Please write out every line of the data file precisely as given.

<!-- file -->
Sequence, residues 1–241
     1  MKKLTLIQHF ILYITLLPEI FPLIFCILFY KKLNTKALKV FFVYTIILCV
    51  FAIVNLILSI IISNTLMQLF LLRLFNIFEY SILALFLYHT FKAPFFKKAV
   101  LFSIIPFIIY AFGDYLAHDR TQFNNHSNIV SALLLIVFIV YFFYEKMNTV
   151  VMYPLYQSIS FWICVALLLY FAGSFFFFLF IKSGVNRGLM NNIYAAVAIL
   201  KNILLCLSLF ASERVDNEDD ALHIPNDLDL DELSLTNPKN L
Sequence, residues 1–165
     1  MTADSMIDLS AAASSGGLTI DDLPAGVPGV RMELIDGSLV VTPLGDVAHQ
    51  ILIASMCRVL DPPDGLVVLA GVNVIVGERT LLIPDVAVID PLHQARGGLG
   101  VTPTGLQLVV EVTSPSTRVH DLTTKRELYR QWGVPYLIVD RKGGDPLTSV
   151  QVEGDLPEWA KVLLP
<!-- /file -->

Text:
Sequence, residues 1–241
     1  MKKLTLIQHF ILYITLLPEI FPLIFCILFY KKLNTKALKV FFVYTIILCV
    51  FAIVNLILSI IISNTLMQLF LLRLFNIFEY SILALFLYHT FKAPFFKKAV
   101  LFSIIPFIIY AFGDYLAHDR TQFNNHSNIV SALLLIVFIV YFFYEKMNTV
   151  VMYPLYQSIS FWICVALLLY FAGSFFFFLF IKSGVNRGLM NNIYAAVAIL
   201  KNILLCLSLF ASERVDNEDD ALHIPNDLDL DELSLTNPKN L
Sequence, residues 1–165
     1  MTADSMIDLS AAASSGGLTI DDLPAGVPGV RMELIDGSLV VTPLGDVAHQ
    51  ILIASMCRVL DPPDGLVVLA GVNVIVGERT LLIPDVAVID PLHQARGGLG
   101  VTPTGLQLVV EVTSPSTRVH DLTTKRELYR QWGVPYLIVD RKGGDPLTSV
   151  QVEGDLPEWA KVLLP